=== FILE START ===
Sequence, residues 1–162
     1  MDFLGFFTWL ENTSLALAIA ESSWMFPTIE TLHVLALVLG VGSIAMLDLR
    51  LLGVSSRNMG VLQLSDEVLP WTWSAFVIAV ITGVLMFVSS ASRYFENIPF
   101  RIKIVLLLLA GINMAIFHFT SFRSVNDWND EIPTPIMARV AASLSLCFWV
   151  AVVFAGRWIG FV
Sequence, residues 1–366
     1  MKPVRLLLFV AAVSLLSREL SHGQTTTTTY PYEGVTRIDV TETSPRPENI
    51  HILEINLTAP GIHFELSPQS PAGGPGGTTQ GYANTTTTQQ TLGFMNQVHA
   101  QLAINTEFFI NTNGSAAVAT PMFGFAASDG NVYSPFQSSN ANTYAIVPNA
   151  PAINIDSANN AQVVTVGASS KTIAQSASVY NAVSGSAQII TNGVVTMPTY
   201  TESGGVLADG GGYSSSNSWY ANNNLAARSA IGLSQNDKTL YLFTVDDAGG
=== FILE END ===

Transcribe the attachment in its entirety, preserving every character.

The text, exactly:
Sequence, residues 1–162
     1  MDFLGFFTWL ENTSLALAIA ESSWMFPTIE TLHVLALVLG VGSIAMLDLR
    51  LLGVSSRNMG VLQLSDEVLP WTWSAFVIAV ITGVLMFVSS ASRYFENIPF
   101  RIKIVLLLLA GINMAIFHFT SFRSVNDWND EIPTPIMARV AASLSLCFWV
   151  AVVFAGRWIG FV
Sequence, residues 1–366
     1  MKPVRLLLFV AAVSLLSREL SHGQTTTTTY PYEGVTRIDV TETSPRPENI
    51  HILEINLTAP GIHFELSPQS PAGGPGGTTQ GYANTTTTQQ TLGFMNQVHA
   101  QLAINTEFFI NTNGSAAVAT PMFGFAASDG NVYSPFQSSN ANTYAIVPNA
   151  PAINIDSANN AQVVTVGASS KTIAQSASVY NAVSGSAQII TNGVVTMPTY
   201  TESGGVLADG GGYSSSNSWY ANNNLAARSA IGLSQNDKTL YLFTVDDAGG